PerthLike most Australians, Perth dwellers love the water. Unlike the rest of Australia (with the exception of Brisbane and Adelaide perhaps), Perth waterways can be enjoyed to the full. Despite the beauty of other capitals’ harbours and rivers, we have none of the junky overcrowding of Sydney Harbour, freezing southern waters of Melbourne’s Yarrah or croc-infested monsoonal beaches of Darwin.

When Perth’s metropolitan population is drawn to (and into) the Swan River and Indian Ocean, there are as many ways to experience aquatic activity as there are people who love it.

So what draws us toward the water? According to Shane King, Director of Jo Jo’s River Restaurant and Café, Nedlands, it’s somewhat of a primal thing. “We all seem to have an affinity with water,” King says, reminiscing of his own upbringing by the ocean, “it’s relaxing and calming, like being in the bush.”

It’s an affinity King capitalises on in his business. “I use the water as much as I can as a feature in our advertising.”

A different perspective is offered by Miles Hull, general manager of new Fremantle restaurant Little Creatures, right on the wharf at Fremantle fishing boat harbour. “There’s a lot more activity from the fishing boats going in and out,” Hull explains, “so there’s an open, relaxed feel and the water is as soothing as it is on the river, but there’s much more of an ocean atmosphere.”

Little Creatures doesn’t directly face the water but has a back courtyard which does, so while water frontage isn’t a selling point, according the Hull, it’s still a great feature. “The sunsets are fantastic from here and it’s beautiful and calm in the morning.” He says, “We are affected by the sea breezes and we’ve only been here six months so we aren’t sure what the winters are like.”

The more sheltered river provides a haven from seasonal ocean changes, and from Jo Jo’s, King doesn’t notice as much of a difference as his seafront contemporaries in Fremantle or along the Sunset Coast. “I don’t see the changes in the seasons,” he says, “the river just changes over the course of the day.”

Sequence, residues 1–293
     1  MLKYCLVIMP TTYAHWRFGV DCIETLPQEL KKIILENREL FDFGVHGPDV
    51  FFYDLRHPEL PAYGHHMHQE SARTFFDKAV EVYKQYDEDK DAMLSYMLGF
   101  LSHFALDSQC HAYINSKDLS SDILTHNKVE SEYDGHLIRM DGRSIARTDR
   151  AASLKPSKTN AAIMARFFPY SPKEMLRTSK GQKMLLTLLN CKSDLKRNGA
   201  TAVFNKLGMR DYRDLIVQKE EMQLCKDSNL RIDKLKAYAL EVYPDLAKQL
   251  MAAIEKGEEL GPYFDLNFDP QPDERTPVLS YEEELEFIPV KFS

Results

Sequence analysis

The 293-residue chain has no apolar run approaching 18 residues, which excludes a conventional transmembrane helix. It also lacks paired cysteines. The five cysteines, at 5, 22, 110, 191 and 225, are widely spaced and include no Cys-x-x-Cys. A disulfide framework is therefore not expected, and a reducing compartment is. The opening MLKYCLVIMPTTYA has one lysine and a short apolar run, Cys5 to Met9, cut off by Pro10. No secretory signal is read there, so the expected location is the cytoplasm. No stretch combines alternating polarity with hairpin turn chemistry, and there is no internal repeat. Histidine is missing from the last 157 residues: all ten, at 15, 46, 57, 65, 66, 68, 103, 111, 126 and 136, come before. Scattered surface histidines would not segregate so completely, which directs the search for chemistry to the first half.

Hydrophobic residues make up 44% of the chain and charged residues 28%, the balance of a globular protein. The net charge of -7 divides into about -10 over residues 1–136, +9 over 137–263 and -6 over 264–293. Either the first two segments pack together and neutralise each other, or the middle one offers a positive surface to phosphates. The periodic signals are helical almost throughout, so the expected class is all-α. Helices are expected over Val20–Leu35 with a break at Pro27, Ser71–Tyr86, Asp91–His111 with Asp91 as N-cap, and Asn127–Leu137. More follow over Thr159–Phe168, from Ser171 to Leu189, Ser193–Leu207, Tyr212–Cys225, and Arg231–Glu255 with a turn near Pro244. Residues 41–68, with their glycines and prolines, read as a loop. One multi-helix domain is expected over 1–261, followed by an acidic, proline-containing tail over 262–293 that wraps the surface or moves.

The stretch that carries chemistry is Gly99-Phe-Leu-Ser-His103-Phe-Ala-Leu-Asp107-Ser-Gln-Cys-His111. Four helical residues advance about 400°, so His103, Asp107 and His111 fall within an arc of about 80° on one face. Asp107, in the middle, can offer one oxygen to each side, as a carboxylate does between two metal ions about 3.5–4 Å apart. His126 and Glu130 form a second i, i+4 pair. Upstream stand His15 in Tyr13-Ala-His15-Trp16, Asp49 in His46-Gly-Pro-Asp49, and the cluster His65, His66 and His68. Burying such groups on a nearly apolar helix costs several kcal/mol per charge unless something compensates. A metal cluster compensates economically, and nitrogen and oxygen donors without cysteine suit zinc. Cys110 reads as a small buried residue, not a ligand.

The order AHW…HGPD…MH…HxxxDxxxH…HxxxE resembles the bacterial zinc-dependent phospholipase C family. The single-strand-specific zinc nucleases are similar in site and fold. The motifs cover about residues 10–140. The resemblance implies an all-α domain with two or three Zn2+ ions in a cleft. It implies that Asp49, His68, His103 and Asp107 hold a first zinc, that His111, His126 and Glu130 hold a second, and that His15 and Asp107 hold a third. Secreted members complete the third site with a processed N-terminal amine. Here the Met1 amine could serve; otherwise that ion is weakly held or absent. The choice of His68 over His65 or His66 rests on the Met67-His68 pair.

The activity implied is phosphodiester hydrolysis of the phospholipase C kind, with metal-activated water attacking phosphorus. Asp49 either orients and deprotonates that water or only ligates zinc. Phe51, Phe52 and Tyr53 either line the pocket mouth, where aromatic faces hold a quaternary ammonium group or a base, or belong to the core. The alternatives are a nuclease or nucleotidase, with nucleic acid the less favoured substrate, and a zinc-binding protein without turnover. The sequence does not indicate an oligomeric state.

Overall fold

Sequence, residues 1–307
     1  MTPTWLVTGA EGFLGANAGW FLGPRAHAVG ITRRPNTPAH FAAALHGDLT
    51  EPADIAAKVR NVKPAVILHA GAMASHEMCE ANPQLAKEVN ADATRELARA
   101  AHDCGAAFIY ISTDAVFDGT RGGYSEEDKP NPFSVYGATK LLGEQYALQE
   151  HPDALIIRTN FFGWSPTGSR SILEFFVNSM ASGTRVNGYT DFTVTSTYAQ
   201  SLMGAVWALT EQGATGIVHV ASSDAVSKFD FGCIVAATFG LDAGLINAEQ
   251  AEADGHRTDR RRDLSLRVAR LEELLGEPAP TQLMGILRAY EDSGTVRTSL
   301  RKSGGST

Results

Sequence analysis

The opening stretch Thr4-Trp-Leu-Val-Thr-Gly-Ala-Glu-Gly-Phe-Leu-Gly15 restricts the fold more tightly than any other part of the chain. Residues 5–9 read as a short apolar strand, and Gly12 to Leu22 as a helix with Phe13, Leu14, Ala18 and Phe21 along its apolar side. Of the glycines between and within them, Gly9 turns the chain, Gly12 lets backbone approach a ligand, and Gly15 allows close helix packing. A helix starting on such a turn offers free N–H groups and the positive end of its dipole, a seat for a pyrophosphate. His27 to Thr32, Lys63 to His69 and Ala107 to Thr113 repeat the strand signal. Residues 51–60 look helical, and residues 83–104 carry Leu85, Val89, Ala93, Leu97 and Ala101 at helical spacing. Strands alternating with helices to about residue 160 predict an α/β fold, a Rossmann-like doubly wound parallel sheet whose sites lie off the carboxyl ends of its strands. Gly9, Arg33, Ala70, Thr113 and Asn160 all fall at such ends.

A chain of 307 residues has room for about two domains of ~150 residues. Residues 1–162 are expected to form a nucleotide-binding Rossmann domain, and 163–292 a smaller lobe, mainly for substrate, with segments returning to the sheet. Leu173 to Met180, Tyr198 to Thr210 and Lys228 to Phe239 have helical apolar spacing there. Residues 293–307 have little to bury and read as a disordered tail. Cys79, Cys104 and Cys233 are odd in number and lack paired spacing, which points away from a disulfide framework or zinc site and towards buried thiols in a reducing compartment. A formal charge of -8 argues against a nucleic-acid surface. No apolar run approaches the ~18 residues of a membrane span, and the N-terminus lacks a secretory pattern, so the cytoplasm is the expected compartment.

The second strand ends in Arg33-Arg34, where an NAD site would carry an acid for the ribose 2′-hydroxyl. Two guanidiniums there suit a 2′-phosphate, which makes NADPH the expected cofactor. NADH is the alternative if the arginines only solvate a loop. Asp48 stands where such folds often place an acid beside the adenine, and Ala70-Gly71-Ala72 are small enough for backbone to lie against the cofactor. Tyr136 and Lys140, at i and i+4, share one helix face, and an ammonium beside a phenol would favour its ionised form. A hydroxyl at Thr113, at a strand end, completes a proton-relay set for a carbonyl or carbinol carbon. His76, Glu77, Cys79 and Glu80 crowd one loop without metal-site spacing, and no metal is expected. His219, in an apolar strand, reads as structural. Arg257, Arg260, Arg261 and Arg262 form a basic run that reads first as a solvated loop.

For those who want their affinity with the water a bit more hands-on, there are an inordinately high number of activity and tour operators considering the population.

Fremantle Parasailing Owner/Operator Brett Higgins has seen them all. “The bulk of our customers would be between 12 and 40,” he says, “and the split between tourists and locals is really 50-50.”

Higgins also has to stay mindful of the conditions more so than most. “The conditions do change,” he says, “January is the worst time because it’s just too windy. Early mornings are the best but even in the afternoons the Fremantle Doctor can work to our advantage.”

So as he trails people behind the boat by wires up to 120 metres in the air, does he ask himself simply ‘why?’

“It’s a bit of an adrenaline rush. We can let people down to water level and then shoot them back up to full height really quickly. You don’t have to get wet but some people want to.”

Showing people the river and ocean is also a huge industry, and with popular locations that are relatively far apart such as Perth, Fremantle and Rottnest, the cruise and ferry tour industry is an important city employer and tourism service.

And according to experienced Swan River tour guide Danielle Cashmore, river cruises in particular are an experience that aren’t appreciated nearly enough by locals. “It’s the general consensus that people don’t see where they live.” she says, “Most river cruise customers are tourists.”

And the Swan River is changing right under Perth locals’ noses. Cashmore talks about the algal bloom problems from about a year ago and the program of regenerating the local fish population, in which 250,000 black bream have been released in to the river.

Also unlike the Sydneys and Melbournes of the world, Perth’s waterways are clean and teeming with life.

Our river hasn’t been without problems. Salinity, Cashmore explains, drives the black swans away. But things are changing. “I actually saw a mature black swan last week,” she says, “the first one I’ve seen actually in the river in ages. It was a really good sign. Environmental projects have meant that people are a lot more aware of what a precious commodity we have in the river.”

But from the wharf at Jo Jo’s, things couldn’t be better. “It’s clearer in summer because of the runoff,” King says, “but there are heaps of fish and dolphins. The black bream come in summer, and people sit in the café without realising there’s dolphins hunting under the jetty beneath them until they get a bit splashed. It’s a common misconception that the river is dead.”